The number of newborns in Japan hit a record low of 918,397 in 2018, staying below the 1 million mark for the third year in a row, a government survey showed Friday.
The rapidly aging country posted the largest margin of decrease in its population at 444,085 since comparable data became available in 1899, with the number of births falling 27,668 from the previous year and the number of deaths rising 22,085 to 1,362,482, according to the health ministry.
The total fertility rate — the average number of children a woman will bear in her lifetime — fell 0.01 point to 1.42, clouding prospects for the government of Prime Minister Shinzo Abe to achieve its goal of increasing the rate to 1.8 by March 2026.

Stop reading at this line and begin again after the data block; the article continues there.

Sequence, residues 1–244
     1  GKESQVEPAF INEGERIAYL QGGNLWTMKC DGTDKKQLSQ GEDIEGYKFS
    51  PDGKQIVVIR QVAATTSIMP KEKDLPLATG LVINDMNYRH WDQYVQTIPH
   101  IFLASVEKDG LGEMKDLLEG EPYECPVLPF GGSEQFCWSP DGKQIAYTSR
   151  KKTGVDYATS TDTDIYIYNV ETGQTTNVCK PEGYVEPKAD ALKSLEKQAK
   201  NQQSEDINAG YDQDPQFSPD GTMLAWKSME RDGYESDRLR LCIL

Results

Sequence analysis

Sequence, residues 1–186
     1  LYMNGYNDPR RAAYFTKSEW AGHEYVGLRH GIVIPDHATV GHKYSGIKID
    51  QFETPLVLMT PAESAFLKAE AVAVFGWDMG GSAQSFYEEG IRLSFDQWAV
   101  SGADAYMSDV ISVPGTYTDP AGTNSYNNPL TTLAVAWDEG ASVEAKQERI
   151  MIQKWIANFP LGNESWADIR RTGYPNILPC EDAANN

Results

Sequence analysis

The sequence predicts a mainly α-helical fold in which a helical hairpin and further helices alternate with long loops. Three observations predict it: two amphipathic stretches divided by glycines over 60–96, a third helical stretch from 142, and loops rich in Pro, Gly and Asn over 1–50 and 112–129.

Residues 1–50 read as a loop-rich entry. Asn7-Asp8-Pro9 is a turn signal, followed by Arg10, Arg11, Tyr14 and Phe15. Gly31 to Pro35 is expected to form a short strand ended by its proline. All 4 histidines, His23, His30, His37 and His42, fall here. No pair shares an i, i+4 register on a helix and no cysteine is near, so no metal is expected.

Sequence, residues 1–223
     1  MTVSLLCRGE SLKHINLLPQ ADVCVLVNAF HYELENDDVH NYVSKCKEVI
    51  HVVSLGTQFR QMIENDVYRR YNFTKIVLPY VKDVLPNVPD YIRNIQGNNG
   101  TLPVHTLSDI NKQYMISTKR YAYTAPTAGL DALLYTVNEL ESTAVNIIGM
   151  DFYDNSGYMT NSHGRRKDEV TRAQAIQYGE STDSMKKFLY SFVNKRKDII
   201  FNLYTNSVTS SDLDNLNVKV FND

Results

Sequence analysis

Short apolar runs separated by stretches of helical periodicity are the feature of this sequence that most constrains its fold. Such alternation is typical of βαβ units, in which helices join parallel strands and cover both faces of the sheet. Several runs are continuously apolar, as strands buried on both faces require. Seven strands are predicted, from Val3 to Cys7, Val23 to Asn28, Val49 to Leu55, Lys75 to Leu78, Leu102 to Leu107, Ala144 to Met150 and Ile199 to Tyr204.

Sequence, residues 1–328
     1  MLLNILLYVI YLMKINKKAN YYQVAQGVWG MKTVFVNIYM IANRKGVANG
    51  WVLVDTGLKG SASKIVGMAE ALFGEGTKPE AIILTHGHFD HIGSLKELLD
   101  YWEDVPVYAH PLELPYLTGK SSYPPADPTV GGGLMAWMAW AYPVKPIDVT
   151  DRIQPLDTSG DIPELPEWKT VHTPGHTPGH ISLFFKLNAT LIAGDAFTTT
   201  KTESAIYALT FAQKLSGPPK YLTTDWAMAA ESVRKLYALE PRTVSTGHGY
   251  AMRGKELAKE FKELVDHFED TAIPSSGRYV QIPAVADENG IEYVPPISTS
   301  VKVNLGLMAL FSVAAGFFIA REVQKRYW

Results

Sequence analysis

The total fertility rate has been hovering around 1.4 since 2012 after hitting a low of 1.26 in 2005. The rate fell below 2.00 in 1975, a large decline from 4.54 in 1947.
The average age for Japanese women to give birth to their first child stood at 30.7 for the fourth straight year. The number of babies born to women between ages 30 and 34 fell more than 10,000.
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